By Cole Cusumano
LONG POND, Penn. – Competing at Indianapolis Motor Speedway is one of the greatest honors across motorsports. Whether kissing bricks or downing milk, the motorplex mecca has produced some of the most iconic moments in sport’s history. However, people across NASCAR believe the prestige of racing at The Brickyard has begun to falter.
Long gone are the strategic days of endurance around the 2.5-mile oval – a tradition which began in 1994 and spanned 27 years. Instead, the world’s best drivers are subject to a 14-turn spectacle riddled with cautions, stage breaks and chaos.
Sure, road course racing may be fun to watch, but should entertainment outweigh the importance of tradition? It goes without saying since NASCAR made the decision to utilize the Grand Prix layout in 2021, the sport has disbanded one of its crown jewel events.
Denny Hamlin, who’s become an advocate for the sport in the later stages of his career, had strong opinions on the topic in question.
“It took a major off of our schedule,” Denny Hamlin told NEWS FROM THE PITS. “There’s no other way you could say it or think of it. I know there’s a lot of factors, but I just don’t see where taking a major race – which was the Brickyard – off the schedule and putting a road course … it didn’t ever really make sense to me.
“Even if the racing wasn’t fantastic, who cares? It’s a big event.”
Hamlin was less than two laps shy of kissing the bricks at Indy in his 16th attempt last year before being pushed off course in Turn 10. For someone as respected as the 41-year-old (and without a win at the historic venue) to get so passionate on the topic, it should serve as a wake-up call to those in charge of scheduling at NASCAR.
To complete all 400 miles of predominantly green-flag racing, it took a certain kind of excellence to conquer The Brickyard. Maybe the on-track product wasn’t as compelling, but each victory was earned. For 19-year NASCAR Cup Series veteran Martin Truex Jr., the glory of competing at Indy goes far beyond the track layout.
“It’s really cool to race at Indianapolis,” Truex told NEWS FROM THE PITS. “We’re in the same garage, we still go through Gasoline Alley, we still are in the same place that all the legends have won. Yeah, it’s different than racing at the [oval] for sure, but I think winning at Indianapolis is still a big deal – even if it’s on the dirt track in the infield.”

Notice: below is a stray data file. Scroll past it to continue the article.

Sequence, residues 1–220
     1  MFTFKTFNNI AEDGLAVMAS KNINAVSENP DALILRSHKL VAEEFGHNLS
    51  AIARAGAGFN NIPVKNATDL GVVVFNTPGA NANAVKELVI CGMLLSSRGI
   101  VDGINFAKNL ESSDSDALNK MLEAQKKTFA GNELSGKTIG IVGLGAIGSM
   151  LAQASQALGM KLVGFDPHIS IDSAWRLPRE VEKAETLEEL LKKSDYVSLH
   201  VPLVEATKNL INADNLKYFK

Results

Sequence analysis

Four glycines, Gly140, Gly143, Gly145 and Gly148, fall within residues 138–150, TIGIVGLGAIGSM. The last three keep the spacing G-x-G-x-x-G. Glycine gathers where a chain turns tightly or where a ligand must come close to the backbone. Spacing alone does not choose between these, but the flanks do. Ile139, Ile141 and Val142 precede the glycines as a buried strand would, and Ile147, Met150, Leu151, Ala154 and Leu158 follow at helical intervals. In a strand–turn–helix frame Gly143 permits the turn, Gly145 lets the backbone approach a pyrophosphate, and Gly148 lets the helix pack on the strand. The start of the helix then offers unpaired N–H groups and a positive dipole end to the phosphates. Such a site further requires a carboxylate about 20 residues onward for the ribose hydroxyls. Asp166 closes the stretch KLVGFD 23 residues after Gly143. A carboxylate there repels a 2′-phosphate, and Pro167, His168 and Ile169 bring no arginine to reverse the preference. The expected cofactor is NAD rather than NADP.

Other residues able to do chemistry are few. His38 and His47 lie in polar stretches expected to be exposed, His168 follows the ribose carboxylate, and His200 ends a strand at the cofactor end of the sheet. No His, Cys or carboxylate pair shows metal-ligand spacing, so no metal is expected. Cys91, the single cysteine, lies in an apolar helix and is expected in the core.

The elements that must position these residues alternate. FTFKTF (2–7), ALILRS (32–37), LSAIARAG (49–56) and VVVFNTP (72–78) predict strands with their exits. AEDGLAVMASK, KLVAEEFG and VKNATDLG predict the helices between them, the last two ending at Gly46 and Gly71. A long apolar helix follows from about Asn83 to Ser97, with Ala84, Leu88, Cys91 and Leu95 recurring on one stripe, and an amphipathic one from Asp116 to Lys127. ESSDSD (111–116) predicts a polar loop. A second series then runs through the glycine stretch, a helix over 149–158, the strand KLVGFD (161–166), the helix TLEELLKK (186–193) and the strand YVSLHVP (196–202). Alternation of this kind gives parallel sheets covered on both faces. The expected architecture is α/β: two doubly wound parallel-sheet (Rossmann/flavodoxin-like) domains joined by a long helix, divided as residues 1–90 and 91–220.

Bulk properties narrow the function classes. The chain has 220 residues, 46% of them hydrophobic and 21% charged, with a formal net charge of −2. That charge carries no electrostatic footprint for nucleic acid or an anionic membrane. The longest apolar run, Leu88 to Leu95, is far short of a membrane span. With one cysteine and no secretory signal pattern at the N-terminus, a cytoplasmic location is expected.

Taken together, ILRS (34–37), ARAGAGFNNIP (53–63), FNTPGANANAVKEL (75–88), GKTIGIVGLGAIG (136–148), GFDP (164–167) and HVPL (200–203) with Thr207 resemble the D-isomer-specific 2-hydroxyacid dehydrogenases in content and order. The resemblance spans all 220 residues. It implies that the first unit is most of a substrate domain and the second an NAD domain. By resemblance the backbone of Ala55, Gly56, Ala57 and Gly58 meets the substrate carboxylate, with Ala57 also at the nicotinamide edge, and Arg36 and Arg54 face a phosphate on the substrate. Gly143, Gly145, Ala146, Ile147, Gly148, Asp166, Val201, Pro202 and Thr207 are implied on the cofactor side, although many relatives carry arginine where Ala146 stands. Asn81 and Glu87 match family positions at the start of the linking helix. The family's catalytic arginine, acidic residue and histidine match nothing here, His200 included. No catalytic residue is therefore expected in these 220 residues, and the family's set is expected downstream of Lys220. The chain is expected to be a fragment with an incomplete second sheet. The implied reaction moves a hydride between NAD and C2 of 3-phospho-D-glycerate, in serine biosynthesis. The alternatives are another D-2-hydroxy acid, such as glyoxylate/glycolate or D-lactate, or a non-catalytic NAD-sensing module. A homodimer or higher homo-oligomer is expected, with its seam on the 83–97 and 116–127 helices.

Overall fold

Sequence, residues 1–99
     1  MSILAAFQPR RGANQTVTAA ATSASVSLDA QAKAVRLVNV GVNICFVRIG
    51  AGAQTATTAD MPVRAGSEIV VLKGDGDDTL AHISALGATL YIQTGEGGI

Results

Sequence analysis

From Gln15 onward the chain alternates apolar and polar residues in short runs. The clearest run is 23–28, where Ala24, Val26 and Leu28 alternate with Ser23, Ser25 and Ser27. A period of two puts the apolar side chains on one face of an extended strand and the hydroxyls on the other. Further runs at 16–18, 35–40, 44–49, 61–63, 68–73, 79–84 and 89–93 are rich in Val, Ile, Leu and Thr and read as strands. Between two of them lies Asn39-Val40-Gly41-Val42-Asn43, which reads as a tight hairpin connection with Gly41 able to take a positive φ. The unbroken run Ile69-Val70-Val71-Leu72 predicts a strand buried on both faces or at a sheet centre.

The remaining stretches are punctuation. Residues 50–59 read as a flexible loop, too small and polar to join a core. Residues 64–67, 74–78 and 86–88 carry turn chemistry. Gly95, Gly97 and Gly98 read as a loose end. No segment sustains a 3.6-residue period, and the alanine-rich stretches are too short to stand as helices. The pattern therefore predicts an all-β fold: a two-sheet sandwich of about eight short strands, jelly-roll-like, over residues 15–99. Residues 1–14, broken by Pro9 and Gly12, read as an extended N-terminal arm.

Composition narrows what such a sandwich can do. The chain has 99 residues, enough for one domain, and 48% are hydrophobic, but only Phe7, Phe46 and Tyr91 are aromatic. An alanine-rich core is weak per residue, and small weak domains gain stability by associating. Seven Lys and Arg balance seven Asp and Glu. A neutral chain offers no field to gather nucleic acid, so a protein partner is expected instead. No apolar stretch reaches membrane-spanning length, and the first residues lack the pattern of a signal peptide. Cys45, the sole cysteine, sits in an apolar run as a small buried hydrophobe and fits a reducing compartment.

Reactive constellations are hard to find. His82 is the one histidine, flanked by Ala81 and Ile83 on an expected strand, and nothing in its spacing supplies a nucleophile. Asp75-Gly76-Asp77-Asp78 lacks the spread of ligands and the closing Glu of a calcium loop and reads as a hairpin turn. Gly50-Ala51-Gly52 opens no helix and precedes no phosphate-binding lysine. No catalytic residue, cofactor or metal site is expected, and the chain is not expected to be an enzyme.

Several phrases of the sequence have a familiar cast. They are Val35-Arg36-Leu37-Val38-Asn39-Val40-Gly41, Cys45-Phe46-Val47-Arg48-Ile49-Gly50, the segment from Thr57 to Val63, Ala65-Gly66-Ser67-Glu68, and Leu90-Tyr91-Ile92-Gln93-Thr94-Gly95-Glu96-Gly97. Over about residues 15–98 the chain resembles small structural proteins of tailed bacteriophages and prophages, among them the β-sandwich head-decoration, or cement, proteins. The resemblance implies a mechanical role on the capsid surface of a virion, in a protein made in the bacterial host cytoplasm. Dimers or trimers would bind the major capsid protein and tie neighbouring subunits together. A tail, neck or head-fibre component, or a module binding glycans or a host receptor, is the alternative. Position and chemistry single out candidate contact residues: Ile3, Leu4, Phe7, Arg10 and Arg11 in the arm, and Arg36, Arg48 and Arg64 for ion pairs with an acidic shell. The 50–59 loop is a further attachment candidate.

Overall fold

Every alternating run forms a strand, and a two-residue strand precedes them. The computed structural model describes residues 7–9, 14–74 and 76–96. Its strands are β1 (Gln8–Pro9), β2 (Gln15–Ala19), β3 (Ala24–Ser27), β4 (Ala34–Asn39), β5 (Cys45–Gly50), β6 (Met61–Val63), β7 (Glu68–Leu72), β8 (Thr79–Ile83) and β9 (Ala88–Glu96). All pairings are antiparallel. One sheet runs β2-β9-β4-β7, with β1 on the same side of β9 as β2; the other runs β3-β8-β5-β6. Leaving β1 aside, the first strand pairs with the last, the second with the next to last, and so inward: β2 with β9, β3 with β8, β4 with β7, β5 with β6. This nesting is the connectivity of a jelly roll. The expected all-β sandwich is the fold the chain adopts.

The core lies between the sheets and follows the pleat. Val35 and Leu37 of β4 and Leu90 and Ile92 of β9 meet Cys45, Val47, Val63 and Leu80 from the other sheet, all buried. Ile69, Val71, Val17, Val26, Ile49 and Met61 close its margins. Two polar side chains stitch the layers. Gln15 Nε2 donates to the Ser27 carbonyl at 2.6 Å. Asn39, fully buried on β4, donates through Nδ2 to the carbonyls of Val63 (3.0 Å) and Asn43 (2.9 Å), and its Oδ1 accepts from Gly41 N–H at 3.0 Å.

Like anything in life, change is imminent. It just so happens the decision NASCAR made for Indianapolis was a highly divisive one among fans and those involved with the sport. No one is faulting the sanctioning body for being progressive, but there are other ways the iconic venue could be restored to its former glory for stock car racing.
Although 1-of-11 drivers to get caught up in the carnage at the revamped IMS last year, Trackhouse Racing’s Daniel Suarez embraced change, while looking at other crown jewel events as a way to also carry on tradition. What do the events like the Daytona 500 and Southern 500 have in common? They serve as the more glamorous competition at a venue that hosts two per year.
“I wish we were going twice,” Saurez told NEWS FROM THE PITS. “I feel like Indianapolis is a venue that we should be doing two races a year. Either road course or oval, I love it.”
Another thought is the solution to lack of compelling racing at Indy was in front of us the whole time. Or rather, would have been one year later. If there’s one thing the Gen-7 car has brought to the table in its debut season, it’s brought excitement to tracks that have been lacking character for years. Who’s to say it wouldn’t enhance the product at the 2.5-mile oval with the right rules package?
“I think actually these Next Gen cars would have a better chance – just because how much drag they have – of putting on a better show than what we’ve had in the past,” Hamlin said. “They have so much drag, you could see an Indy-type race where there’s a lot of passing down the straightaway. I certainly would like to see them revisit that for sure.”
At the end of the day, people have only had a year to let the newness of the Indy Grand Prix course sink in. While it may not be the same event legends like Jeff Gordon and Dale Earnhardt mastered, it ends the same – kissing the bricks.
Emotions ran high for A.J. Allmendinger, who relished the glory of becoming the inaugural winner at the new-look Indianapolis Motor Speedway last year. Only time will tell if these victories hold the same value as a traditional race at the Brickyard, but another driver will look to add their name to the list of champions at IMS with the Verizon 200 at The Brickyard on July 31 at 2:30 p.m. ET on NBC.